Bigger fines, radar cameras coming to Illinois work zones

| 8/19/2004

Illinois is tightening up its rules for traffic in highway work zones.

Two laws that would increase fines in work zones and authorize the use of radar cameras to catch the speeders were signed into law by Gov. Rod Blagojevich, his office said Aug. 19.

The first of the two new laws, HB7015, will increase fines on work zone speeders to as much as $750. Minimum fines for first offenders increase to $375, and to $750 for second or subsequent offenses. Some offenders could face a 90-day suspension of their driver’s licenses if they have several violations in two years.

The bill originally called for adding cameras or other recording devices to construction zones and using that automated equipment to record violations of the lower work zone speed limits. Those provisions were removed by the Senate.

However, the second bill signed into law by the governor, HB4012, did contain a stamp of approval for the cameras.

HB4012 allows the use of the cameras during times when workers are present in the construction zones. It also says that any automated traffic control system must obtain a clear photograph or recorded image of the vehicle operator – as well as of the vehicle and registration plate – while the driver is speeding in a construction or maintenance zone.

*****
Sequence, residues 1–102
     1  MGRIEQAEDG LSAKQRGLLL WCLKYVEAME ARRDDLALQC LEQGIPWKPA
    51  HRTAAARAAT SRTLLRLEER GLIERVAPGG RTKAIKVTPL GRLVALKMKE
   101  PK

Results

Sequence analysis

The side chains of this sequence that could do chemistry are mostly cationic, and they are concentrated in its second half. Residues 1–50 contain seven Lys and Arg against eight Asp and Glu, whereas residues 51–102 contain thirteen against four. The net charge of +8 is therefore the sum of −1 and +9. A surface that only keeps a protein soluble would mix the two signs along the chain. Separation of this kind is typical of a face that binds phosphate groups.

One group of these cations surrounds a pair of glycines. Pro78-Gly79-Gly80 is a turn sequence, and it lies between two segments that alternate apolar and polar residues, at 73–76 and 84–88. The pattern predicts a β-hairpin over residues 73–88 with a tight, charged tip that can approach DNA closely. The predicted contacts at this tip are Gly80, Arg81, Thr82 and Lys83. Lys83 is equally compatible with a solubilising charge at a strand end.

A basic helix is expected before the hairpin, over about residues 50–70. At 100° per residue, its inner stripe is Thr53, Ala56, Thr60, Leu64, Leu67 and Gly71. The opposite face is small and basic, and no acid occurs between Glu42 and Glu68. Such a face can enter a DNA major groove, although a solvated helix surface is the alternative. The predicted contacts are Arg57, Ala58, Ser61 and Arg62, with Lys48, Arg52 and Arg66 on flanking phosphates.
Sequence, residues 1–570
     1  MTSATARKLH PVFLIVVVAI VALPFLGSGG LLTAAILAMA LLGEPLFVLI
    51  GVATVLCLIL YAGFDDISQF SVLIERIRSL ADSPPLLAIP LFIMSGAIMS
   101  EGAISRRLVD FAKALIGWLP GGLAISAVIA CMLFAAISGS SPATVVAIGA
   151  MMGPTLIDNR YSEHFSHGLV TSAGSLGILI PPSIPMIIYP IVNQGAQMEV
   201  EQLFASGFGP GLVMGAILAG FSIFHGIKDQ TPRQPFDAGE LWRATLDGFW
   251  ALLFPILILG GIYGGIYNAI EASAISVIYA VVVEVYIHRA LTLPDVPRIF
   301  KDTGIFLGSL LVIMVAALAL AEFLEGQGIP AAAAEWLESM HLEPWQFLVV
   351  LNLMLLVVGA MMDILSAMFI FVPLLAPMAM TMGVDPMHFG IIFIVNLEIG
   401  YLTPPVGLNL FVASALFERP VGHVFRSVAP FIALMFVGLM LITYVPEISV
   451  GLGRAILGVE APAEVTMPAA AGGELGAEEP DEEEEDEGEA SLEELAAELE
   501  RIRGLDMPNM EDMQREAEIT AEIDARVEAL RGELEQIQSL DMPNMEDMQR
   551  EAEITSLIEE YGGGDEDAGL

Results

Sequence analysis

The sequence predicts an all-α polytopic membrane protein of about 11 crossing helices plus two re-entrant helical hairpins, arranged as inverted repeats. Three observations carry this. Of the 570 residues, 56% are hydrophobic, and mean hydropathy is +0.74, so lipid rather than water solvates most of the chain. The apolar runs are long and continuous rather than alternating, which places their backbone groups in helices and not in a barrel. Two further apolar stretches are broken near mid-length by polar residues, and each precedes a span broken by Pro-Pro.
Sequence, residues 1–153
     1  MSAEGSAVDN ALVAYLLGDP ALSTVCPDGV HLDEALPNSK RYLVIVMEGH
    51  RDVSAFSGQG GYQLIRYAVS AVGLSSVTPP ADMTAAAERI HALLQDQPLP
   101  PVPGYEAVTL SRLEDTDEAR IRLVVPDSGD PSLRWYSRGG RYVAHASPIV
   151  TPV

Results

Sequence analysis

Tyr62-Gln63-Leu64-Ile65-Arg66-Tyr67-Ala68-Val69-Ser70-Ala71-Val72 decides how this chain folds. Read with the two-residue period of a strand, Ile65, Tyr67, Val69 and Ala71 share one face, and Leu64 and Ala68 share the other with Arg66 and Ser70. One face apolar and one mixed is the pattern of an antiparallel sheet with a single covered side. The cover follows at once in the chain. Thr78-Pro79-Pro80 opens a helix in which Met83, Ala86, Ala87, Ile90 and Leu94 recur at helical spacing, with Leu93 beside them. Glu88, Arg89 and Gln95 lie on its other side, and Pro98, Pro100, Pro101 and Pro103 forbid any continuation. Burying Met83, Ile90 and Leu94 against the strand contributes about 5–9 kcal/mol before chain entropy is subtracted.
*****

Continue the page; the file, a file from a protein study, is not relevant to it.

If the driver cannot be identified using the photograph, the vehicle owner is not liable for the fine. However, if the driver can be identified, that person is fined – not the owner, if a person other than the owner is driving.

HB4012 – introduced by Reps. Paul D. Froehlich, R-Schaumburg, John J. Millner, R-Carol Stream, and Jim Sacia, R-Freeport – passed the House March 30 by a vote of 113-2; it was approved by the Senate by 36-12 on May 19. It is effective immediately.

HB7015, introduced by Rep. Patrick Verschoore, D-Rock Island, passed the House April 1 by a vote of 113-2, and was approved by the Senate May 17 by a vote of 53-2.

Blagojevich announced his support for the ideas behind the two bills in April. At that time, his office not only called for radar cameras, but also mentioned the possibility of Illinois Department of Transportation trucks manned by out-of-uniform state troopers with radar equipment, who could use the technology to monitor speeds in the work zone.

“I know most Illinois drivers respect the hard work of roadway workers across the state by slowing down in construction zones,” Gov. Blagojevich said in a statement. “Unfortunately, there are a few drivers out there who don’t seem to understand just how dangerous speeding through a work zone can be.”

According to state figures, 46 drivers, passengers and workers died in accidents linked to highway work during the past year alone.